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Name: Teri
Status: student
Grade: 9-12
Location: UT
Country: USA

When you put your hand over a soda, the foam goes down faster. Why?

I have not observed this personally, so I do not know if the observation is universally correct. But a possible mechanism is: The foam bubbles break and send a shower of the liquid into the air. These come into contact with the hand, which has various oils on the skin. Some droplets containing the skin oil fall back into the soda. Skin oils are very effective at reducing the surface tension of the foam, which acts as a defoamer, and the foam "breaks". It does not take much skin oil for this to occur since it is a surface phenomenon.

Vince Calder

Hi Teri,

The "fizz" in soda pop is simply carbon dioxide (CO2) that is dissolved under pressure in the pop. Much more CO2 can dissolve in the water when the pressure in increased. A bottle of unopened soda pop is under high pressure, and that keeps the CO2 they put in there from bubbling out. When the bottle is opened, the pressure is released and the water in the pop can no longer hold all the CO2 that was dissolved in it when the pressure was higher, so it starts to bubble out of solution and foam.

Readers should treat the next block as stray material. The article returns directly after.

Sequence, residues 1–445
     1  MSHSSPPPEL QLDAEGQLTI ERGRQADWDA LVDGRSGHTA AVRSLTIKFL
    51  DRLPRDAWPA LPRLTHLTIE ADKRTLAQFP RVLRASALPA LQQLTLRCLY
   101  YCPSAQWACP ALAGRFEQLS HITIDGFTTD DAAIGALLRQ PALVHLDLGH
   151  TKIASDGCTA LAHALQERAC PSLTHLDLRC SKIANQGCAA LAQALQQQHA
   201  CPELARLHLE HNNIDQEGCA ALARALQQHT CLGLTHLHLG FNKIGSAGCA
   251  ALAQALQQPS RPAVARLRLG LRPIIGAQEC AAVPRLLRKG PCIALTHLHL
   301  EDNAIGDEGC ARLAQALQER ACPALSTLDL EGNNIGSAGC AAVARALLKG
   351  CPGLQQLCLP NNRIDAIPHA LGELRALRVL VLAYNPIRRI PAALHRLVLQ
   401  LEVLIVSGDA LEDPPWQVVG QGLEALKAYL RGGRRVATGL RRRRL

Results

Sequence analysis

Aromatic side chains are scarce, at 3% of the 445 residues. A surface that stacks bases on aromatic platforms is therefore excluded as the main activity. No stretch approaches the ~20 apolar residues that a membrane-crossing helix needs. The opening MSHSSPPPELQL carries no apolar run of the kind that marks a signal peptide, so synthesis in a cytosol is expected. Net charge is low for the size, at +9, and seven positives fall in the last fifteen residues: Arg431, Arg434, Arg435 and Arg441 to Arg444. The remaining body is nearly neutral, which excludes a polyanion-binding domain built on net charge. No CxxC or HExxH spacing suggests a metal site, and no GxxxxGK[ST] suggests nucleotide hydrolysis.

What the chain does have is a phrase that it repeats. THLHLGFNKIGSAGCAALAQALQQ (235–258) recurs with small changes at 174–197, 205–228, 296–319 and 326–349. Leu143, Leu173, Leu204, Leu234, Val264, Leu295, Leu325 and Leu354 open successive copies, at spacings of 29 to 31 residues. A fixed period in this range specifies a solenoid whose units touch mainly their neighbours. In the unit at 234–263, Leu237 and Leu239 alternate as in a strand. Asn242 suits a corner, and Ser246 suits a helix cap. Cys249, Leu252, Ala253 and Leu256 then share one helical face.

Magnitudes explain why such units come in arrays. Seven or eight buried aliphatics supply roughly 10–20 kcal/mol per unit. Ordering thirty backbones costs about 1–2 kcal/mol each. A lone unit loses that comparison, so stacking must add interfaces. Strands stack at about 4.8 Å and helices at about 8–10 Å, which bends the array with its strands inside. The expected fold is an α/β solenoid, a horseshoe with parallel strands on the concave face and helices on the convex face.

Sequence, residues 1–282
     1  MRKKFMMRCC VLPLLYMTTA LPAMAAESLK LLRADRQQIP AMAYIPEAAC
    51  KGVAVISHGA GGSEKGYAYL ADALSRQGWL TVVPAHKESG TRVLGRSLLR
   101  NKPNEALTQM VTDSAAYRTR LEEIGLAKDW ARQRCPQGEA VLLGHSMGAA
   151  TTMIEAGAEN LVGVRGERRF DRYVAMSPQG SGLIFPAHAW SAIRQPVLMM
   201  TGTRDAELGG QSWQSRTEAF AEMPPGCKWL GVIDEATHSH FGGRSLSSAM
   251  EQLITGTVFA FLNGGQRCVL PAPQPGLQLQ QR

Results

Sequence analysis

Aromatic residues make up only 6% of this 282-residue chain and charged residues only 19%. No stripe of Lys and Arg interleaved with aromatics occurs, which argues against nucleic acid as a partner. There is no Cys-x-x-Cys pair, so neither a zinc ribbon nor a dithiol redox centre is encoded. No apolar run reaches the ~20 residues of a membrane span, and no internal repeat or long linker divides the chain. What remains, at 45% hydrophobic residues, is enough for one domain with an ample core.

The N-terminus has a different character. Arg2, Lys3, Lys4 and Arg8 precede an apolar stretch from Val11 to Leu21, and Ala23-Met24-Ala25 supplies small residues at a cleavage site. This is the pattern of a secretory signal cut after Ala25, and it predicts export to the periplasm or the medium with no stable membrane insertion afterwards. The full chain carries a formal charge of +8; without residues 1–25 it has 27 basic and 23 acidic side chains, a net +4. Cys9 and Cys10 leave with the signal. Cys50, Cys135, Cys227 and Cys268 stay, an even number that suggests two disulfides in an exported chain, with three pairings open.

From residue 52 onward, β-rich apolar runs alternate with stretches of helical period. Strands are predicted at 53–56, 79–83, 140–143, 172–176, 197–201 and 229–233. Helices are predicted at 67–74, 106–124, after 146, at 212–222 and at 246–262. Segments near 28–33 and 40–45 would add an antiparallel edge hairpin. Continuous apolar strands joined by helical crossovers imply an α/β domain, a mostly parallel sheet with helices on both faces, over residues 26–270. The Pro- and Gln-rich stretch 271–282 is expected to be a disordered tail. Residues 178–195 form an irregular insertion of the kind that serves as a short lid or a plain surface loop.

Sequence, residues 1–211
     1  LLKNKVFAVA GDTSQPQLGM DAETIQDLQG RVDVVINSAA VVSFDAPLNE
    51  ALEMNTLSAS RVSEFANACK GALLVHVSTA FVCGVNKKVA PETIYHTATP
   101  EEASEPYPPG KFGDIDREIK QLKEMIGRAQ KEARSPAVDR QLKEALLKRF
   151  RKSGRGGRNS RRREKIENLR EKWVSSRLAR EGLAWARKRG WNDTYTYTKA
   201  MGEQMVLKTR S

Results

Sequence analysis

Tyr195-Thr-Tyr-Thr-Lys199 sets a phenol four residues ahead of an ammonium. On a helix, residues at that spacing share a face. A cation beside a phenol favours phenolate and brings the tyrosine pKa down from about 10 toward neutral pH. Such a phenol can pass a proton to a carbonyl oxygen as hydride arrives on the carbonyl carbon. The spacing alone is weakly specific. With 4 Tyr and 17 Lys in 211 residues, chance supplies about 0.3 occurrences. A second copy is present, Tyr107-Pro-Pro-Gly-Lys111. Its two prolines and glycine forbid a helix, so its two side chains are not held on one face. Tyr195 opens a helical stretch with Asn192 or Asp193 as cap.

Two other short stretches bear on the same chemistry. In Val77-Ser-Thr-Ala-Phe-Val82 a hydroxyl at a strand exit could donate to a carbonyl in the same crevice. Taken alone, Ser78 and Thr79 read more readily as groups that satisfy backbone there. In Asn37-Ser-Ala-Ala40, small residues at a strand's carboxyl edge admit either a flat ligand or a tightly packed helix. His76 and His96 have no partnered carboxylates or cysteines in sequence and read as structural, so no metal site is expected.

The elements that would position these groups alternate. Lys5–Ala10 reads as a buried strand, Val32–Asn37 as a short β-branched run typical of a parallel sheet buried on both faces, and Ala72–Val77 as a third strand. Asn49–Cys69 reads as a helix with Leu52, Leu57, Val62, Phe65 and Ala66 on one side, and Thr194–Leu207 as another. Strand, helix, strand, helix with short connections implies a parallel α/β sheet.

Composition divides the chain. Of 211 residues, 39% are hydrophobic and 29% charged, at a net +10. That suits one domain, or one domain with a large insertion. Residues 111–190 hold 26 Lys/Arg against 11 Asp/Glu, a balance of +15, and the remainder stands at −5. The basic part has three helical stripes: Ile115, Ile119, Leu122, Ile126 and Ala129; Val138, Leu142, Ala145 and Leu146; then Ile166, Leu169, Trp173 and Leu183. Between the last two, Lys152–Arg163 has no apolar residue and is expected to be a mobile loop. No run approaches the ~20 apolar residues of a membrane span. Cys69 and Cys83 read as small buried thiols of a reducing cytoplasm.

If you block the opening (with your hand, for example), the CO2 that is bubbling out of solution has nowhere to go, and starts to cause the pressure to build up again (you can feel this pressure increase against your hand). The increased pressure now allows the water in the pop to once again be capable of keeping the remaining CO2 in solution, so the bubbling slows down and stops... until you release the pressure by removing your hand.

Bob Wilson

Hi Teri,

Henry's Law states that for a given temperature, the amount of gas dissolved in a given type and volume of liquid is directly proportional to the partial pressure of that gas over the liquid.

In other words, the higher the pressure of the carbon dioxide over the soda, the more the CO2 will dissolve. By placing your hand on the soda bottle mouth, you have effectively sealed off any escaping CO2 and this will increase the CO2 partial pressure above the soda. This will allow more CO2 to be dissolved in the soda. Since bubbling or fizzing is a function of the CO2 escaping, you have essentially reduced this tendency and so the fizzing abates.

Greg (Roberto Gregorius)

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